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Nose Breathing & Running

by
author image Michelle Wishhart
Michelle Wishhart is a writer based in Portland, Ore. She has been writing professionally since 2005, starting with her position as a staff arts writer for City on a Hill Press, an alternative weekly newspaper in Santa Cruz, Calif. An avid gardener, Wishhart worked as a Wholesale Nursery Grower at Encinal Nursery for two years. Wishhart holds a Bachelor of Arts in fine arts and English literature from the University of California, Santa Cruz.
Nose Breathing & Running
Breathing through your nose may be best in some situations. Photo Credit Comstock/Stockbyte/Getty Images

Serious runners are always looking for that little extra advantage to help them reach a new peak, whether its gaining speed or endurance. The best way to breathe while running is a commonly debated topic among runners. Though some runners champion breathing only through their nose while running, Runners Connect and Outside Online agree that breathing through your mouth is natural and healthy.

Nose Doubt About It

When air temperature and humidity levels are extremely low, it can be beneficial to breathe through your nose rather than your mouth, Dr. James Shaffrath -- a lecturer of exercise biology, neurobiology, physiology and behavior at the University of California, Davis -- told Outside Online. Your nose warms the air before it enters your lungs, generally making breathing easier. Those training outside during winter months may find this helpful. Asthmatic runners may also benefit from breathing through their noses, as breathing through the mouth may make the condition worse.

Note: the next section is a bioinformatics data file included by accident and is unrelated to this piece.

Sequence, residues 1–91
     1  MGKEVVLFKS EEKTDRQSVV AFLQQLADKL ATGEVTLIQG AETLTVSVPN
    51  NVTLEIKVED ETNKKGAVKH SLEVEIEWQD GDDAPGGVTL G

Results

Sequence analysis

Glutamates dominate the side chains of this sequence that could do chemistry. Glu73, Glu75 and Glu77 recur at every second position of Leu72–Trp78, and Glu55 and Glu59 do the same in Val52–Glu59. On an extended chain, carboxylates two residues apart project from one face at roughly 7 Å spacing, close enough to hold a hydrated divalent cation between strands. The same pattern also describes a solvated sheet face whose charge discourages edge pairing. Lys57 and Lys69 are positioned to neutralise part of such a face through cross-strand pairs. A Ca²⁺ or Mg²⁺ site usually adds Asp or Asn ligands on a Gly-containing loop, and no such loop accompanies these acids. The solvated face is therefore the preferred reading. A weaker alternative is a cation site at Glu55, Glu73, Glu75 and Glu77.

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Mouthing Off

Breathing through the mouth brings in more oxygen than breathing through the nose, according to Runners Connect, which notes that some runners are comfortable breathing through both the nose and the mouth at the same time. Forcing yourself to inhale and exhale only through the nostrils, however, can tighten the muscles of the jaw and face. Keeping your mouth open will help you relax your face and may help the rest of your body relax too.

Comfort Not Constriction

While at rest, most people breathe through their noses. During light exercise, you'll breathe through your nose and then switch to your mouth once you reach two to three times your resting breath rate, according to Shaffrath. He notes that once you exceed four to six times your resting breath rate, you can't comfortably push air through your nose. Whether you breathe through your mouth or your nose, you will naturally deepen each breath in order to increase your oxygen intake.

The Core of the Matter

Other factors must be considered when learning how to breathe properly during a run. When running, the muscles of the upper back, shoulders and neck often tighten, causing shallow breathing originating from the chest rather than deep breathing from the diaphragm, the muscle that separates the abdomen from the chest. Pacific Elite Fitness recommends breathing deeply into the belly and focusing on keeping the arms loose and the upper body relaxed.

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References

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